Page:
Justifying when diagnostic imaging with radiation is appropriate comes with many factors that all have their own challenges
Breaking down the challenges of justification for medical imaging exams
January 26, 2021
by John R. Fischer
, Senior Reporter
Justification for an imaging exam, and the radiation exposure that comes with it, is a fundamental principle behind every patient scan. And yet, by some estimates, anywhere between 20% to 50% of radiology exams are likely to be inappropriate and provide little to no clinical benefit.
Researchers from the European Society of Radiology discussed the challenges of justification in a paper.
Here are a few of them:
1. Patient expectations Patients may not understand the effects and risks of radiation. Many often put their desire for imaging to be performed over concerns of radiation exposure, except when it comes to children. Family doctors and medical specialists often find it hard to say no to exams requested out of fear that it will break the patient’s trust in them.
2. Allocating resources High equipment costs make imaging services expensive. Without enough funding, radiology practices are unable to meet increased demand for greater numbers and more complex imaging. Imaging should only be justified in cases where input is most efficient and effective, such as when exams incorporate evidence-based protocols and clinical pathways; are agreed upon by a multidisciplinary medical team; and facilitated by computerized decision support (CDS) systems.
3. Safety culture Safety culture in radiology should allow for staff to challenge a practice if it may not be in the best interest of the patient or them. Protocols for conflict review and resolution should also be developed. Safety, however, should not be an excuse for not abiding by responsibilities laid out in policies and guidelines such as the Euratom Basic Safety Standards Directive, which oversees regulatory requirements of radiation protection for most of Europe.
4. Healthcare pathways While justification is used to determine appropriate radiation exposure, it does not take completely into account how radiation is delivered in healthcare. Justification in diagnostic imaging is often part of a predefined healthcare pathway that includes an initial assessment and periodic follow-up imaging. An initial imaging procedure may be justified because further imaging is expected but justifying further imaging is treated separately. Until initial imaging occurs, further imaging cannot be justified, illustrating a disconnect. It may be better, the authors say, to justify a series of exposures as part of an expected care pathway and reassess justification for some or all of subsequent procedures as the patient’s condition develops and care is subsequently modified.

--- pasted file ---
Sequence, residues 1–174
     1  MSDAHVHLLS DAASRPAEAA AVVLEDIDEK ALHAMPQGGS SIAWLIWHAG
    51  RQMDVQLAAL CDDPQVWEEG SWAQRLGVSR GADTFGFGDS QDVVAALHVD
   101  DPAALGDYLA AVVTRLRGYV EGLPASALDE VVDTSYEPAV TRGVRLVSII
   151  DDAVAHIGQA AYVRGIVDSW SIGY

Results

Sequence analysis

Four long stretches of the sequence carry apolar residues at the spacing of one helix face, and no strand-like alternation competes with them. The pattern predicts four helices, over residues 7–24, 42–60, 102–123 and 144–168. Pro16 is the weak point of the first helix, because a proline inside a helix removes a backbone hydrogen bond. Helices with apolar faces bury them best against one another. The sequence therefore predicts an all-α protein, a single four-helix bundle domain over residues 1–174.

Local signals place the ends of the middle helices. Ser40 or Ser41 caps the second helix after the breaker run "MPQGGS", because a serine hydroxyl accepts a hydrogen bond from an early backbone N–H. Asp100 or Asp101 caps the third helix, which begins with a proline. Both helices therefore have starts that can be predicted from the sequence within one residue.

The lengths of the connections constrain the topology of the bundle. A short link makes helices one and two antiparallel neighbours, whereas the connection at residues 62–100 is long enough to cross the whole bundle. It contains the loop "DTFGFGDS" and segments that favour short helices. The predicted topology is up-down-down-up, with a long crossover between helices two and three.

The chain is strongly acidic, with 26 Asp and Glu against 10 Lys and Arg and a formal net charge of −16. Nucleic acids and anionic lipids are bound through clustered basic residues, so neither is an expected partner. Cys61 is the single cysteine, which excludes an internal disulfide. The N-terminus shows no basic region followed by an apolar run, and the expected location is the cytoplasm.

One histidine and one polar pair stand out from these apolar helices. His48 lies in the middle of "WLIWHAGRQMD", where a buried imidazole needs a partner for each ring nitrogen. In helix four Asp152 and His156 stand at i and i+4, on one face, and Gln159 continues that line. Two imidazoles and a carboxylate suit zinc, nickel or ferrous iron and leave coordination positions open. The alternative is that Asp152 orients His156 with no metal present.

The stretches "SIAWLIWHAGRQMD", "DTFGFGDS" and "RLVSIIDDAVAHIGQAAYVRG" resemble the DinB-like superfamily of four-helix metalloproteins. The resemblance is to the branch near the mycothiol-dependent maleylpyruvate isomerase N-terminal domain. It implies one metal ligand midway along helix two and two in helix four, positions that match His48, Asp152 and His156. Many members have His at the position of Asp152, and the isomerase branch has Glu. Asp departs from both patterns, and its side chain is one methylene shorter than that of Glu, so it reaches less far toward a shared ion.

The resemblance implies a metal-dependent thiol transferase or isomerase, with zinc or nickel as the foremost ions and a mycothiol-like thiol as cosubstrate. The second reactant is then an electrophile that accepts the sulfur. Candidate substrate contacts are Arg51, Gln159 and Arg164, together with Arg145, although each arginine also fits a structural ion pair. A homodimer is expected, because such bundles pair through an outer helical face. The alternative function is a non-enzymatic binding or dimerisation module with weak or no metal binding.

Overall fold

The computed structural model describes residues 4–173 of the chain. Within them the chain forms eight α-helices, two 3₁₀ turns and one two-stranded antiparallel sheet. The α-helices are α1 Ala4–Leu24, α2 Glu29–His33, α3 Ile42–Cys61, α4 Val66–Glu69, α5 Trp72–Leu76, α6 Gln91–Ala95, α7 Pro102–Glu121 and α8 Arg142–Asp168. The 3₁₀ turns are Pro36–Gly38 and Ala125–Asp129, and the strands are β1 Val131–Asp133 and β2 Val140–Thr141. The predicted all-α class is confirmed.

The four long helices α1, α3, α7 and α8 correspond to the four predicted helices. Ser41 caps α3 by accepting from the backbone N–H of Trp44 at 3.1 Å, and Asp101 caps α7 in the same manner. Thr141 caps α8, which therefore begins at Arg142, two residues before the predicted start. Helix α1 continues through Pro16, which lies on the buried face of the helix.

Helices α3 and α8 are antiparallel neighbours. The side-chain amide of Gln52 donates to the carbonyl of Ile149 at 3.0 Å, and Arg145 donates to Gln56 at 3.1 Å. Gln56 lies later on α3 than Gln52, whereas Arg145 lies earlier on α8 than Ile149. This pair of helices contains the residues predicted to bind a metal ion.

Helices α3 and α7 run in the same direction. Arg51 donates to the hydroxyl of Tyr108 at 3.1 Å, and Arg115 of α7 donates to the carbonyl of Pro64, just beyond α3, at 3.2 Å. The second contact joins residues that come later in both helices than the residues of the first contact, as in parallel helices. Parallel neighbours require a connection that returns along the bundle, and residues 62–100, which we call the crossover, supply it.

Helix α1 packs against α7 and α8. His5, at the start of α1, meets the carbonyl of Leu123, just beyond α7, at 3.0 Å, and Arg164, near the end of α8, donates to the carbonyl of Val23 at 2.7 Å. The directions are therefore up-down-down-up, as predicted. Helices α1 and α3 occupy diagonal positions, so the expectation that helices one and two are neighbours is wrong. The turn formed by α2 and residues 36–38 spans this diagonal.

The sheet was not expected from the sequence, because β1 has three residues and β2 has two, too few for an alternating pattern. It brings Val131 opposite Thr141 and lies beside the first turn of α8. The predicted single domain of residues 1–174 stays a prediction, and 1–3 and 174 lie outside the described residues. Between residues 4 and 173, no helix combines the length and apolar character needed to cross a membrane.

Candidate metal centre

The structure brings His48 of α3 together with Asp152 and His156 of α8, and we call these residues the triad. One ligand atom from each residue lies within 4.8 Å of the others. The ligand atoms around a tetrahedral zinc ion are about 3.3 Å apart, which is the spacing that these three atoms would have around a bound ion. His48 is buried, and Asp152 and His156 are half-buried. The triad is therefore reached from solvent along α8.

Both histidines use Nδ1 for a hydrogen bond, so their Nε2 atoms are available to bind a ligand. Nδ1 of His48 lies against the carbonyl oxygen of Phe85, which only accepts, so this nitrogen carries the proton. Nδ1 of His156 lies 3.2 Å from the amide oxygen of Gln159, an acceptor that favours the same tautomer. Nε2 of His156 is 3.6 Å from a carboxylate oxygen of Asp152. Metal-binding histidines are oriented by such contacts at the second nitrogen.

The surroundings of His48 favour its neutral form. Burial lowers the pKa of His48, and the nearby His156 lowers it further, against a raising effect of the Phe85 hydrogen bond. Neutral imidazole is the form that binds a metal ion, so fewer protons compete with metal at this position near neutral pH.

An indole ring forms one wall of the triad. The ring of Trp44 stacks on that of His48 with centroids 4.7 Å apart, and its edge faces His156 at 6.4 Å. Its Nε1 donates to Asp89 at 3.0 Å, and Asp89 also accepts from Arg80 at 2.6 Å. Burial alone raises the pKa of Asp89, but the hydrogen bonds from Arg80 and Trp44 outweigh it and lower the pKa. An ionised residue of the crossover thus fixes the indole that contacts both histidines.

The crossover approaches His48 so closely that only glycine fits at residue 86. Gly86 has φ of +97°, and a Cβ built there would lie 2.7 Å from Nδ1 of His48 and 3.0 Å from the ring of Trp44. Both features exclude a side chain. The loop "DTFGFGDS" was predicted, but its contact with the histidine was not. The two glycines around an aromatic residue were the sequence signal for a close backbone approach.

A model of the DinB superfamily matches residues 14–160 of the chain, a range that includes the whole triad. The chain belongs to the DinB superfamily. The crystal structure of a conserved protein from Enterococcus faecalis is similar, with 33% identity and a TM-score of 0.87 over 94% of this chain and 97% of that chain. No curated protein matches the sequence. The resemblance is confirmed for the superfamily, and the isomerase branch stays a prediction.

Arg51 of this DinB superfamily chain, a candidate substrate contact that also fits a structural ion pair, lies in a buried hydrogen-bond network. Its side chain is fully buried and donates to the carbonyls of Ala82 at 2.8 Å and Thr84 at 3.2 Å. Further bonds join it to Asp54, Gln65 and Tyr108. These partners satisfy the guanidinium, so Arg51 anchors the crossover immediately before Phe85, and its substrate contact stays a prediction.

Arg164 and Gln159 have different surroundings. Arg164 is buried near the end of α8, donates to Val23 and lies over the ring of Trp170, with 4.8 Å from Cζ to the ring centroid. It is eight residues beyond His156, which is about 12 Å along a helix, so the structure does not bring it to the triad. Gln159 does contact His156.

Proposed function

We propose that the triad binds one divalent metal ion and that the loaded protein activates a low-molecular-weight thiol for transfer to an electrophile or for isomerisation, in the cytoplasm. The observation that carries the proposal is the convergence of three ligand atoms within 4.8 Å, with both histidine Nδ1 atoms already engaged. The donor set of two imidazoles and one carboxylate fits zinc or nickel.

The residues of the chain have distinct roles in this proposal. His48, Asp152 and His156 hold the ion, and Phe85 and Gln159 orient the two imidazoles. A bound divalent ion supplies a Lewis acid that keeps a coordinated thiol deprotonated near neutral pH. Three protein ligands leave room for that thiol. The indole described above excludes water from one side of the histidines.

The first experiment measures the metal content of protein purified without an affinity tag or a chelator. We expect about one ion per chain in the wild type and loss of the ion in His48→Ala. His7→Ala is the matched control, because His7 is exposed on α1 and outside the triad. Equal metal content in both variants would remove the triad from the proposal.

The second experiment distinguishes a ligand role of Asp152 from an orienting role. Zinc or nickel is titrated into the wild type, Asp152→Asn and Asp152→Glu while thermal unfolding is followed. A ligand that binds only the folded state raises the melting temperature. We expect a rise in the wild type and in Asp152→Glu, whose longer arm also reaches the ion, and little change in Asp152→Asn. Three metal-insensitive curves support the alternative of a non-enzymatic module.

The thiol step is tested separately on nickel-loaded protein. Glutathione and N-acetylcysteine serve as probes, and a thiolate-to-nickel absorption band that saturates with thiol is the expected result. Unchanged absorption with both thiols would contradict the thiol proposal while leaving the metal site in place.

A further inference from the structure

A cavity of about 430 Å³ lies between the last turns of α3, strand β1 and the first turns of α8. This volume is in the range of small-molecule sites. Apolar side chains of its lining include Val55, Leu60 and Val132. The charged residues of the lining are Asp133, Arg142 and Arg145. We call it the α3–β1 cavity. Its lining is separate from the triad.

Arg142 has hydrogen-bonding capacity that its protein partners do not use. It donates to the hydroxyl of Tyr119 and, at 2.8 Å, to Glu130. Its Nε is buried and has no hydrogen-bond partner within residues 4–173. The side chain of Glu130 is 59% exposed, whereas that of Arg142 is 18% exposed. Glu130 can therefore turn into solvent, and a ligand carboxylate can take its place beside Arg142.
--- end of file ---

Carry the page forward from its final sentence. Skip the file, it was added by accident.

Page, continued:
One solution could be imaging referral guidelines based on local clinical and radiological practice, which can help referring clinicians better understand and communicate to patients when imaging is necessary and when it is not. Integrating them into CDS systems also helps and has already reduced the total number of imaging exams, and increased appropriate imaging in the U.S. Education and training of radiologists and non-radiology practitioners further ensures better radiation safety, as do audits of CDS systems and inspections of clinical practices by regulatory bodies.
“While there is evidence of improvement in European countries, it is essential that complacency does not reverse this trend. Justification is central to the goal of ensuring patient safety and appropriate care while simultaneously achieving better use of imaging facilities, better use of radiologists’ and radiographers’ knowledge and skills within these facilities, and better integration of imaging into the wider provision of healthcare at local and national levels,” wrote the authors.
The findings were published in the European Society of Radiology's journal, Insights into Imaging.